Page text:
This week has only three monthly economic reports set for release, with only one of them considered to be of high importance. In addition to that data, there are also a batch of congressional appearances from Fed Chairman Powell along with other Fed member speaking engagements and a couple of Treasury auctions midweek. The week starts off light with nothing of importance scheduled tomorrow.
Activities start late Tuesday morning when August's Existing Home Sales report is posted at 10:00 AM ET. The National Association of Realtors is expected to announce that the number of home resales in the U.S. rose moderately last month, indicating growth in the housing sector. A strengthening housing sector makes broader economic growth more possible, making bonds less appealing to investors. Therefore, bond traders would prefer to see a decline in sales. Since this report carries only a medium level of importance, it will take a noticeable variance from forecasts for it to directly influence rates.
Fed Chairman Powell and Treasury Secretary Mnuchin will speak before the House Financial Services Committee at 10:30 AM ET Tuesday as part of the Coronavirus Aid Act. The markets listen carefully anytime Chairman Powell speaks publicly, especially during congressional testimony. This event has the potential to be a market-mover, causing noticeable volatility in the financial and mortgage markets. He often releases his prepared statement before actually speaking, meaning we could see a market reaction earlier than 10:00 AM ET. This process will repeat itself Thursday morning when they appear before the Senate Banking Committee.
Wednesday morning’s only relevant event is another congressional appearance by Chairman Powell, this time before a House of Representatives subcommittee looking into the country’s response to the coronavirus earlier this year. This event appears to be more political than financial. However, the markets always listen when he is talking. It is not likely that we will see a major reaction to his appearance Wednesday, but the possibility does exist.
We also have the first of this week’s two potentially influential Treasury auctions taking place Wednesday. The Treasury will sell 5-year Notes that day and 7-year Notes Thursday. They will tell us if there is an appetite in the markets for medium-term securities. If investor demand in these sales is strong, particularly from international buyers, the broader bond market should move higher, pushing mortgage rates lower. But a lackluster interest from investors could lead to bond selling and higher mortgage pricing. The results of the sales will be announced at 1:00 PM ET each day, so any reaction will come during afternoon trading Wednesday and/or Thursday.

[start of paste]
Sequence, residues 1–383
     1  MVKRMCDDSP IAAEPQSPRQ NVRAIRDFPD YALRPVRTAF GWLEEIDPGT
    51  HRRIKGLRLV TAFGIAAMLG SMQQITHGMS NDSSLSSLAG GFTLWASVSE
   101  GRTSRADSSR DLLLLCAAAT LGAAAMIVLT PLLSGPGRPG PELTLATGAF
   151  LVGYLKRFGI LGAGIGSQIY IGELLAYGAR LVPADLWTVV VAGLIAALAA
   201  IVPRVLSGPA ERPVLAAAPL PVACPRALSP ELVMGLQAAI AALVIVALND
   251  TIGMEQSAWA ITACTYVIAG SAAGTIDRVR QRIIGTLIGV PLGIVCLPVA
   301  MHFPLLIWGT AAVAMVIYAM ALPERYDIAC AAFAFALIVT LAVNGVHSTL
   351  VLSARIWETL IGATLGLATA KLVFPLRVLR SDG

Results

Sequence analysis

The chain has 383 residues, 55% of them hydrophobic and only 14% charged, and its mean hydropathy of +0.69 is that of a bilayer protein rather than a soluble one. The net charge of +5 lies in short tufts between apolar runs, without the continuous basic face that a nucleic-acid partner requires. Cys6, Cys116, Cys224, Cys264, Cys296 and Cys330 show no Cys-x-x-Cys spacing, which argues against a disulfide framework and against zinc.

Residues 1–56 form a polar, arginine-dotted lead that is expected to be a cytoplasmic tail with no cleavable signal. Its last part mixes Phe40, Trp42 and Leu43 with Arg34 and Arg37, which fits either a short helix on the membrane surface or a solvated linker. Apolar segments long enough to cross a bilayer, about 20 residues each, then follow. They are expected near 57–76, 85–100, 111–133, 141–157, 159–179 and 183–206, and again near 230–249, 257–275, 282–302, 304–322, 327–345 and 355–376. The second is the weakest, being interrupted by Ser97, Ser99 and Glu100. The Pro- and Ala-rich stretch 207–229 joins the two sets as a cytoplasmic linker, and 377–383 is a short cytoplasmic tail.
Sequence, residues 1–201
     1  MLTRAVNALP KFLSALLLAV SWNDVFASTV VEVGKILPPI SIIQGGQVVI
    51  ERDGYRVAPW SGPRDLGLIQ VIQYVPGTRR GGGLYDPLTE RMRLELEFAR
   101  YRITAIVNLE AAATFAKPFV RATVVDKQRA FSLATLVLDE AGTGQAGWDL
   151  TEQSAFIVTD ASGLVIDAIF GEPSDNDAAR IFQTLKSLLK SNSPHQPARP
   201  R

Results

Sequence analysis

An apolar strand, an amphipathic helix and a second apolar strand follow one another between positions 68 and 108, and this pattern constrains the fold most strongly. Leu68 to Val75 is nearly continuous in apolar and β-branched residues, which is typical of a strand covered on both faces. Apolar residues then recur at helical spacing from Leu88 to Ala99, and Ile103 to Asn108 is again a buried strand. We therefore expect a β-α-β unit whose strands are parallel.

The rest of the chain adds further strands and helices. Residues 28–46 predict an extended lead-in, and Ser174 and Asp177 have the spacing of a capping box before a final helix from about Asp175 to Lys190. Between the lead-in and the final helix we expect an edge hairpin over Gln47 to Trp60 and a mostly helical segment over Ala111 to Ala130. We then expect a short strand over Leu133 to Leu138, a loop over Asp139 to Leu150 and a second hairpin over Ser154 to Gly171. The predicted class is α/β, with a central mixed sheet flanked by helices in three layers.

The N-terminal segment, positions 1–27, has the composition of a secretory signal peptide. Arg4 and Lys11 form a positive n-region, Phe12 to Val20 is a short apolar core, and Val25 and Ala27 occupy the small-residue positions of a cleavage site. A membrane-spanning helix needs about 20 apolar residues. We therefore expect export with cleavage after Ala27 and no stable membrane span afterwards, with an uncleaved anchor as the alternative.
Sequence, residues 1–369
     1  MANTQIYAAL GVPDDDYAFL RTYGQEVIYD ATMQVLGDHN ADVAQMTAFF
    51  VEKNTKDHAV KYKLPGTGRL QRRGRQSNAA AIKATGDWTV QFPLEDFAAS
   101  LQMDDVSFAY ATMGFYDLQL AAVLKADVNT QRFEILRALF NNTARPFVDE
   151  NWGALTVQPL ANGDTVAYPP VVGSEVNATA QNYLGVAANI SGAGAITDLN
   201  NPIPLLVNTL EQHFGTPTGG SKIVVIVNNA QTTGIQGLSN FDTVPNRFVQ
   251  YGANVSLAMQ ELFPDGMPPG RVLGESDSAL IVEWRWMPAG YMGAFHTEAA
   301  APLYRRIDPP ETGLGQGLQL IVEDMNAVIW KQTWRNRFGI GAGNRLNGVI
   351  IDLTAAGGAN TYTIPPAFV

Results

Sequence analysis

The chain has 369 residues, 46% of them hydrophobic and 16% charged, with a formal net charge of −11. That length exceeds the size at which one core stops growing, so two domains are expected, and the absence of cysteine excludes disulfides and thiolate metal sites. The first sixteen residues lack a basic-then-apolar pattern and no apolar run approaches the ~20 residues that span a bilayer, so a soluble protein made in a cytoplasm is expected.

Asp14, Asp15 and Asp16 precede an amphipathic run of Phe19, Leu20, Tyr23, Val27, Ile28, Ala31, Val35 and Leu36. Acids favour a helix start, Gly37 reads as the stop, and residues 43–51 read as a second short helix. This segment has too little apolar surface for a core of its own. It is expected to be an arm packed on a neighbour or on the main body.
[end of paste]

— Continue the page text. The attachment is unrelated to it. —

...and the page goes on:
Besides weekly unemployment figures, Chairman Powell’s Senate testimony and the 7-year Note auction, we also will get August’s New Home Sales report Thursday. The Commerce Department is expected to say at 10:00 AM ET that sales of newly constructed homes rose last month, indicating the new home portion of the housing sector strengthened. This report will likely not have a noticeable impact on mortgage rates unless it differs greatly from forecasts. It is the week's least important report in terms of potential impact on mortgage rates, partly because it covers only the small portion of all homes sales that last week's Existing Home Sales report did not.
Friday closes the week with August's Durable Goods Orders at 8:30 AM ET, which is the week's most important report. It gives us an indication of manufacturing sector strength by tracking orders for big-ticket items at U.S. factories. Big-ticket products are items that are expected to last three or more years such as airplanes, electronics and appliances. Analysts are expecting to see a 1.2% rise in new orders, pointing towards strength in the manufacturing sector. A sizable decline should help boost bond prices and cause mortgage rates to drop Friday because signs of economic weakness make longer-term securities more appealing to investors. However, a much larger than expected increase in new orders will likely help push mortgage rates higher. It is worth noting that this data is known to be quite volatile from month-to-month, so a slight or moderate variance may not affect mortgage pricing like it may in other reports.
Overall, the most important day for the markets and mortgage rates appears to be Tuesday due to the first day of congressional testimony. We could also see noticeable movement Thursday, but the truth is any day this week may yield a change in rates. The best candidate for calmest day is tomorrow. Some of this week’s events are considered to be highly important to the markets. Accordingly, it would be prudent to watch the markets if closing in the near future and still floating an interest rate.